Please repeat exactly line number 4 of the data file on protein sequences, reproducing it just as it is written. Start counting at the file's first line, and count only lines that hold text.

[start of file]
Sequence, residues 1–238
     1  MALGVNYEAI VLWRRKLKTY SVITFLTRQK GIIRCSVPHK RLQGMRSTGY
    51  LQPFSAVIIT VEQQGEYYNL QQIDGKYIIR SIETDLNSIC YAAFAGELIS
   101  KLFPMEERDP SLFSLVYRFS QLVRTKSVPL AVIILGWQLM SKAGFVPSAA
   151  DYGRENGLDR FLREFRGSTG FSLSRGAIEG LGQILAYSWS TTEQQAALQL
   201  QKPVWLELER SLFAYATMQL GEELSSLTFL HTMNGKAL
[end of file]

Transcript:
   101  KLFPMEERDP SLFSLVYRFS QLVRTKSVPL AVIILGWQLM SKAGFVPSAA